Q. What was the InSight mission, when was it launched and what was it supposed to do?
A. InSight is a robot sent to explore Mars. Unlike a rover that drives around, InSight is a lander that stays in one place. NASA, working with partners in Europe, developed InSight and launched it in May 2018. InSight arrived at Mars six months later, in November 2018, and landed at Elysium Planitia, a broad plain near the Martian equator.
Also unlike a rover, which focuses on exploring the geology near the surface, InSight had a different goal: to better understand the interior of Mars. That’s because InSight was equipped with specialized tools that allow scientists to “look under the hood” of the planet.
For example, much of what we know about the structure of the Earth deep beneath our feet comes from seismometers, the instruments that measure earthquakes. That’s because the same seismic waves that cause shaking in an earthquake can travel deep inside Earth’s interior and give clues to the structure of the planet itself. So InSight was designed to use a seismometer and other time-tested tools, including probes to measure magnetic signals and heat flux from the interior, to study a different planet.
Q. How many years did it send back data?
A. Just over four Earth years. InSight landed on Mars on Nov. 26, 2018, and NASA announced that it had lost the signal from the lander on Dec. 21, 2022. The lander had been progressively losing power as dust covered its solar panels.
Q. What did scientists learn about Mars from the mission?
A. Earthquakes regularly occur on Mars. InSight detected more than 1,300 earthquakes, and dozens of them were interpreted to result from movement of molten rock in the subsurface.
InSight also detected tremors caused by a meteoroid impact, the aftermath of which was then documented with satellite images. The impact excavated a small crater which revealed water ice near the surface, closer to the equator than had ever been detected. The ice was detected using color images from satellite. There are some subtle differences in the chemistry, but at first blush, it’s the same as water ice on Earth. But the biggest takeaway for scientists was actually not the earthquakes themselves, but what they reveal about the internal structure of the planet, including the thicknesses of the crust, mantle and core.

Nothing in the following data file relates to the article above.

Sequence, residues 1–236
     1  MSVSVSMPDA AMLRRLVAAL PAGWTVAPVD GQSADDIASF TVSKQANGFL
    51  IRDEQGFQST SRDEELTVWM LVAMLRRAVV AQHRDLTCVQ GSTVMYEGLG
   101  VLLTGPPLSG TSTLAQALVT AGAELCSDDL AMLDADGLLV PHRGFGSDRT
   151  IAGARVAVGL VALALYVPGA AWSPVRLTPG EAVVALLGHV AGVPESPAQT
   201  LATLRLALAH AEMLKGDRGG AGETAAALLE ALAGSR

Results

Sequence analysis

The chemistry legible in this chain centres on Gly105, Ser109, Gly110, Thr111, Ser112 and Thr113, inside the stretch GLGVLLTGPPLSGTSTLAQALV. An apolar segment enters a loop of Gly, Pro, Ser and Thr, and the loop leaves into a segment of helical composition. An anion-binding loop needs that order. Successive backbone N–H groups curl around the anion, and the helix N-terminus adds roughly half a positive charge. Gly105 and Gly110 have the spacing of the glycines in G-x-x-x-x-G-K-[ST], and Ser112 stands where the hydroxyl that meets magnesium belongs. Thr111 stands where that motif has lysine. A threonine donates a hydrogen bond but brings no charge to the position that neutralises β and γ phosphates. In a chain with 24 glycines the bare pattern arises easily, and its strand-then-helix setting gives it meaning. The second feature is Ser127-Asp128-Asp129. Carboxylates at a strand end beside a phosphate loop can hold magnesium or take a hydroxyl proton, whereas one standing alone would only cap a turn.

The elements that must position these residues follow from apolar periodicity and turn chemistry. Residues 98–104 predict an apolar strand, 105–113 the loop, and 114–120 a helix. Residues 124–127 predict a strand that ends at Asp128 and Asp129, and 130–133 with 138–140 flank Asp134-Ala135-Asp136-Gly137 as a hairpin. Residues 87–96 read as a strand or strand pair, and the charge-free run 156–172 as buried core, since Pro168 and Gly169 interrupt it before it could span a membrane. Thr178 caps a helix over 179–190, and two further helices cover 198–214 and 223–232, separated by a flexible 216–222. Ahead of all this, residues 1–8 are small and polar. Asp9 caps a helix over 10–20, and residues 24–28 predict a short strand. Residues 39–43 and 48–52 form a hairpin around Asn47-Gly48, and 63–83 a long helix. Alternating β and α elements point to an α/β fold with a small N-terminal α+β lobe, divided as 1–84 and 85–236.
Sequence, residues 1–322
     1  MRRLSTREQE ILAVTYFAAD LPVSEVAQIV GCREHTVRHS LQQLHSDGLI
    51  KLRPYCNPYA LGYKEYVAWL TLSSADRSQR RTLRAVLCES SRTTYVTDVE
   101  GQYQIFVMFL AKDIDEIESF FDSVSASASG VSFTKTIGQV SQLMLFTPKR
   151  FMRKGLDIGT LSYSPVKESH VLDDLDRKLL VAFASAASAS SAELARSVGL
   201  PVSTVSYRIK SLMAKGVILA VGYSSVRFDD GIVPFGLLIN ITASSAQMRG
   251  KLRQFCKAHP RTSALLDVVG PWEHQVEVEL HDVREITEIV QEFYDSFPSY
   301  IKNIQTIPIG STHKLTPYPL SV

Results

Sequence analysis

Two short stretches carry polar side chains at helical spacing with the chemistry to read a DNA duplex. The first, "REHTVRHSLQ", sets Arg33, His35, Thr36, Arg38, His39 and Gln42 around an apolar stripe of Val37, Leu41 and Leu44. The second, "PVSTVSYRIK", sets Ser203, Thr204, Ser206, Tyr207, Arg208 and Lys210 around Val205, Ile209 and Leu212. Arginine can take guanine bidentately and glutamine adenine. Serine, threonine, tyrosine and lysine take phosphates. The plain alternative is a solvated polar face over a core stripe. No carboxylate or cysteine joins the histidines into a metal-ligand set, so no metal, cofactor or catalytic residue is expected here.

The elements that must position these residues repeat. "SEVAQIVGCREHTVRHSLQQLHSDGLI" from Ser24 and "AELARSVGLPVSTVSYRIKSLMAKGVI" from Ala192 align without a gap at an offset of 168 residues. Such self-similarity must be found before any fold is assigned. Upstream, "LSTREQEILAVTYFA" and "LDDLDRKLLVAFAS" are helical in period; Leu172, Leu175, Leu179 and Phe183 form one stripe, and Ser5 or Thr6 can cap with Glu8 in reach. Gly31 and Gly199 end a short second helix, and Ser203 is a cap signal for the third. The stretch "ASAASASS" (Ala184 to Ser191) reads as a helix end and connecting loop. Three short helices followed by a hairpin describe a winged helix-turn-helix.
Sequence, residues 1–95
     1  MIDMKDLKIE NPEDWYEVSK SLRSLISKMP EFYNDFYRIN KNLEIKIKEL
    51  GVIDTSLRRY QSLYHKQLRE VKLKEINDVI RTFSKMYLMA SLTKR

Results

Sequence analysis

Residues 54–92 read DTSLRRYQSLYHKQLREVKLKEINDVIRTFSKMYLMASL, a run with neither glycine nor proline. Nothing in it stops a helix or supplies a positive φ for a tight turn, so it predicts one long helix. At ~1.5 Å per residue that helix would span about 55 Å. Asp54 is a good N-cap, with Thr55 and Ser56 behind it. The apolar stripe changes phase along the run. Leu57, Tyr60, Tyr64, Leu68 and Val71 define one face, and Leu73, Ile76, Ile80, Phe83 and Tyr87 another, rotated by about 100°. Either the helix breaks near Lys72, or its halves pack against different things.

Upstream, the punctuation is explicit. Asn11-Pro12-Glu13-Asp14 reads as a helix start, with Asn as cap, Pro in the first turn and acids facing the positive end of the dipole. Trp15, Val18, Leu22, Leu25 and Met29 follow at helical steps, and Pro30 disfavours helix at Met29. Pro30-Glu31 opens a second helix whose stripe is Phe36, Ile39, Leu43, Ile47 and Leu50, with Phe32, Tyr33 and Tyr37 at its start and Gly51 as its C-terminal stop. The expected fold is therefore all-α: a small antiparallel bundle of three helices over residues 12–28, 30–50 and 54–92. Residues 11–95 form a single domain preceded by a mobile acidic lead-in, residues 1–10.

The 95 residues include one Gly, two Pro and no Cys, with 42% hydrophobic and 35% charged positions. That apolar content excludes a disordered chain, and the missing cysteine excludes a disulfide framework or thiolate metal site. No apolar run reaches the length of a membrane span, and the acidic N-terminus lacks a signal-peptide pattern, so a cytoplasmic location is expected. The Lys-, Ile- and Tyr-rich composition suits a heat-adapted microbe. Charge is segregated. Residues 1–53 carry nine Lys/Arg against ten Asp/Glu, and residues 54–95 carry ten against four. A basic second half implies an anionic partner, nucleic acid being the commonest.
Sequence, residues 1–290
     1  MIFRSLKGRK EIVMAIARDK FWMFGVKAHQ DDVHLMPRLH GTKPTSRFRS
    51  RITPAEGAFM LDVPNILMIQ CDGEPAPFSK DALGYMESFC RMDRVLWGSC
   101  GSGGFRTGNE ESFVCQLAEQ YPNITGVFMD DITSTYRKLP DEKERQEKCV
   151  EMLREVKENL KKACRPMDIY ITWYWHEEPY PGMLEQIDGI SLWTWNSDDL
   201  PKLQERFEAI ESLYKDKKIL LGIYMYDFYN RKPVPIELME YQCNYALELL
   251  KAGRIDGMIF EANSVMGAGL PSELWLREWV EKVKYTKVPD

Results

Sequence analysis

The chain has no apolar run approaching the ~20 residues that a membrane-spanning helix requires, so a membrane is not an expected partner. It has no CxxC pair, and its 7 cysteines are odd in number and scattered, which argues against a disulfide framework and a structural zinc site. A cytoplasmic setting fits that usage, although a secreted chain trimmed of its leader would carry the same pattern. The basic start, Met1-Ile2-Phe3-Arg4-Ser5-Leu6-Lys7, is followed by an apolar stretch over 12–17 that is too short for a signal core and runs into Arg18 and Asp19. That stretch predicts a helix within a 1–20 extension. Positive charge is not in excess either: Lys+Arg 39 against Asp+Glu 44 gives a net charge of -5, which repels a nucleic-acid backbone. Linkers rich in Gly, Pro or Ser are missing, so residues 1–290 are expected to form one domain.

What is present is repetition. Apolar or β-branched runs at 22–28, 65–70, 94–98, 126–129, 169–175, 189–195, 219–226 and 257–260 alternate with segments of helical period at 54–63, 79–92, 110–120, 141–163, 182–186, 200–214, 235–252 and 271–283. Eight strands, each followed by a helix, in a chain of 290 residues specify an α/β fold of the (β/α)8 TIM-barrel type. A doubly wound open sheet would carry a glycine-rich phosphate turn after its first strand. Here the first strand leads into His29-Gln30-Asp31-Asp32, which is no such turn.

InSight wasn’t just looking down at the planet’s interior, but also up at the atmosphere, recording the most detailed weather data gathered from the ground for a full Mars year. As a secondary part of the science mission, InSight operated as a local weather station and recorded wind direction and speed, air temperature and pressure over a full year. NASA even made a nice dashboard that shows information not unlike what you would see in a TV weather forecast. There had never been this amount of data from the ground on Mars, so it will inform all kinds of studies of the atmosphere.
Q. Does this change and/or affirm what scientists thought they knew about the planet?
A. We had limited prior information about the Martian interior and especially the core. One line of thought held that the core had cooled and solidified in the distant past. Instead, the data from InSight suggest that the core is mostly liquid and is also less dense and larger than expected – 1,800 kilometers in radius, which is just over halfway out from the center of the planet. The similarities and differences between Mars, Earth and the other rocky bodies of the inner solar system all give us clues to how planets form and evolve.
We also tend to think of Mars as geologically dormant, and in some important ways it is. Yet InSight provided a fresh reminder that there are still interesting and active geologic processes happening on the planet.